In an interview with AV Club, Flynn explained his accidental start in comedy, as he initially considered himself "Joe Dramatic Actor" when he started out. "Then I came out [to Hollywood] and didn't find any success for about five or six years, so I moved back to Chicago, more or less starting over," he explained, adding that he randomly saw "this sign that said 'ImprovOlympic,'" and signed up. Flynn said, "it was probably the single best professional decision I ever made."

Over 70 screen credits to his name later, yeah, we tend to agree. 

Ana Gasteyer has always been hilarious

Mrs. Heron, played by Ana Gasteyer, had some great moments in Mean Girls, but looking at her life, that shouldn't be too surprising. Gasteyer has a lot in common with Tina Fey, as she was also a Saturday Night Live star. Gasteyer even went on to star in other Fey projects, such as Netflix's Wine Country, another hilarious comedy. 

The gorgeous and funny Gasteyer broke onto the scene in 1996 with her Saturday Night Live debut, but before that, her was still extremely interesting. In fact, she told Us Weekly that she is "legally blind in [her] right eye," and had to wear "an eye patch for much of [her] early childhood," which she used to her advantage to land "her first standout role in a play [as] Helen Keller in The Miracle Worker [in middle school]." We swear that's not an SNL sketch.

While that all sounds kind of rough, Gasteyer also told The Washingtonian how grateful she was for her childhood in Washington, D.C. "It was incredibly diverse and incredibly beautiful in terms of the architecture," she told the outlet, adding, "My mom was one of the founders of the Eastern Market, and helped renovate that area. She was very active in the community association." Cleary, before Gasteyer was famous, she was aware of how lucky she is, and that likely remains true today.

Tim Meadows worked hard to make it in comedy

Another Saturday Night Live alumni who graced the screen in Mean Girls was Principal Duvall, played by Tim Meadows. Meadows appeared on Saturday Night Live from 1991 until 2000, so he was already pretty famous before Mean Girls, and in an interview with the Los Angeles Times, Meadows explained that he owed a lot of his success to his upbringing. 

"Probably the work ethic that was instilled in me in Detroit," Meadows said of his childhood, adding "I like working, I work a lot. I feel guilty when I'm not working. It comes from my parents and the way my family was. We were always taught about education and working and living up to your potential and working harder than other people in order to be successful." Additionally, according to AAE Speakers , the Michigan native "studied television and radio broadcasting at Wayne State University before performing improvisational comedy at the Soup Kitchen Saloon."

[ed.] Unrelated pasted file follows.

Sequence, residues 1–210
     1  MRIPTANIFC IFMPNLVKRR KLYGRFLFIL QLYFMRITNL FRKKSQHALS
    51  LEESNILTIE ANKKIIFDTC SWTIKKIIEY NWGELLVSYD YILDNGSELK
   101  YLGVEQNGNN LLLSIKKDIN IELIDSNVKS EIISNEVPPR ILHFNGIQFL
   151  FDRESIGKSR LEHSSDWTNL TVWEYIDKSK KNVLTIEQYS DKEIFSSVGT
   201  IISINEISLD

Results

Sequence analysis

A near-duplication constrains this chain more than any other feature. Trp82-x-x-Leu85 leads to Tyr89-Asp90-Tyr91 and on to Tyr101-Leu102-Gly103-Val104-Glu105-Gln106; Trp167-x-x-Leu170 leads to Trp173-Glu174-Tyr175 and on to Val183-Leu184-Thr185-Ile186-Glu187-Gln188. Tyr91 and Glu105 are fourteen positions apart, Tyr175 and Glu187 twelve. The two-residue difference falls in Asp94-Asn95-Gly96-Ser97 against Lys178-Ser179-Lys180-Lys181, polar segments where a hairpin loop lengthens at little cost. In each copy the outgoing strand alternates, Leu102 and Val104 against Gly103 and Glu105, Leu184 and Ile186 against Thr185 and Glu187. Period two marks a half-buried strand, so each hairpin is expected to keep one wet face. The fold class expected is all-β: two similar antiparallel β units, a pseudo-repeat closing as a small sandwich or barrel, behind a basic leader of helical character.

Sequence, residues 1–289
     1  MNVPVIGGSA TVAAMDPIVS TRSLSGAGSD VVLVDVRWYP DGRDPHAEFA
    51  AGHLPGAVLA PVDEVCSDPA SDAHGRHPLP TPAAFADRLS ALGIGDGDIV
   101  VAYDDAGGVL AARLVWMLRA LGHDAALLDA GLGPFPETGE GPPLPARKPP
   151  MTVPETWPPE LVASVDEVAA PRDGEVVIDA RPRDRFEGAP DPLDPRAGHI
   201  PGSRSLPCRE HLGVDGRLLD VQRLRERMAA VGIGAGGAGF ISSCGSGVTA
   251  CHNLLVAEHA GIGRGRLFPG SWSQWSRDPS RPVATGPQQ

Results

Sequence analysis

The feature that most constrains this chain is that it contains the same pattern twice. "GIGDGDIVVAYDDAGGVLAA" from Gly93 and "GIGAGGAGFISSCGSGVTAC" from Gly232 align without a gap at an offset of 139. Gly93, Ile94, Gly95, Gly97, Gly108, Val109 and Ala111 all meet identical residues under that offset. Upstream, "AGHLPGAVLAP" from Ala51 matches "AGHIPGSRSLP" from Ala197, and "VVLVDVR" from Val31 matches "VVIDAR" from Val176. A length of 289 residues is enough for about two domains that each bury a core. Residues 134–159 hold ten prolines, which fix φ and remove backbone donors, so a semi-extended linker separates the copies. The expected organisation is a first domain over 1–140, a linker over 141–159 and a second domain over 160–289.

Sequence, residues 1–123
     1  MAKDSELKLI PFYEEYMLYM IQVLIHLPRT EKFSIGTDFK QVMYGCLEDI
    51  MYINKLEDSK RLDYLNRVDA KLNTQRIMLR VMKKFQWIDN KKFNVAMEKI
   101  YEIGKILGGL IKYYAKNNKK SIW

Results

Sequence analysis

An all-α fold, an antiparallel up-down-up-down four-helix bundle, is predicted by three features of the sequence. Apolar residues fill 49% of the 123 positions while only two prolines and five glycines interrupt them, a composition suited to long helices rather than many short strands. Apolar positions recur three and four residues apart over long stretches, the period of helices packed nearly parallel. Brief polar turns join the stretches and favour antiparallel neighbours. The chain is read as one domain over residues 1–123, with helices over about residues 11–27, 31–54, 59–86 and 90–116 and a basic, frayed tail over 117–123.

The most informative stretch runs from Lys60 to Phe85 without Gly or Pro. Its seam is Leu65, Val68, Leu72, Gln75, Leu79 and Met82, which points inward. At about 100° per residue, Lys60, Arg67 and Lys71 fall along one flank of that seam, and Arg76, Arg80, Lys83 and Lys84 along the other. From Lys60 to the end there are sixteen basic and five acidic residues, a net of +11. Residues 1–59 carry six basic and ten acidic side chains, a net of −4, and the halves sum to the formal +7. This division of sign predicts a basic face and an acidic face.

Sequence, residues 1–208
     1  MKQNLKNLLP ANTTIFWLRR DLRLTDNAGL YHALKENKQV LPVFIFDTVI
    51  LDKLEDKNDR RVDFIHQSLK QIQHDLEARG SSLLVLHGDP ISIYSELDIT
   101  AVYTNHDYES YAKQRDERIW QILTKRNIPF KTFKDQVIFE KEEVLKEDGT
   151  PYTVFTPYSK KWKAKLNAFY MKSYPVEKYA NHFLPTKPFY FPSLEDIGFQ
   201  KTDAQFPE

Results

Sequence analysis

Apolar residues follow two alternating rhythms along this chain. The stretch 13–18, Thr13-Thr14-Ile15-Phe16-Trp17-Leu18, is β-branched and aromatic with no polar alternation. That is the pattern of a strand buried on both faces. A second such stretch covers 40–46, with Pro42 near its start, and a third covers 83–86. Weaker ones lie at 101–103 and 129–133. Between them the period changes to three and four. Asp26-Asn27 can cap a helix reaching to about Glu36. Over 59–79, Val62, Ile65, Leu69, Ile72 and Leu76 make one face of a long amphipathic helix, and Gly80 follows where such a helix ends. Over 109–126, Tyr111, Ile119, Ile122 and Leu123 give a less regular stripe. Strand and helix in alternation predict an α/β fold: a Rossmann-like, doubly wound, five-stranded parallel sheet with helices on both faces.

Clearly, Meadows put in the work to achieve his stardom, but is it really any wonder that the Ladies Man himself had any trouble wrangling some catfighting high school girls?  

Mean Girls was Rajiv Surendra's last big role

There are few musical numbers in cinematic history more memorable than the rap Kevin Gnapoor (or Kevin G as he's better known) performs at the Winter Talent Show in Mean Girls. It's such an impressive moment as the mathlete turns into a total, certified rapper on stage in front of the entire school. But Mean Girls was definitely the biggest moment in actor Rajiv Surendra's Hollywood career. In fact, he took just one role after Mean Girls in 2005, before handing in his Hollywood card for his current occupation, which actually goes back to his childhood. In addition to being an author, Surendra is also a calligrapher, something he was passionate about before all the fame. 

But the pursuit of that passion was the result of a pretty massive disappointment for the up-and-coming star. In an interview with HuffPost, Surendra explained how he learned about director Ang Lee's Oscar-winning adaptation of the book Life of Pi while he was on-set for Mean Girls. Instantly gripped by the role, Surendra made it his singular goal to get cast. He even travelled to India to extensively research for the character, but his "dream was over in an instant" when Lee cast someone else. He ended up walking away from the business right then, or as he explained it in an Instagram post plugging his book about the whole experience, "Fate had a greater journey in store for me."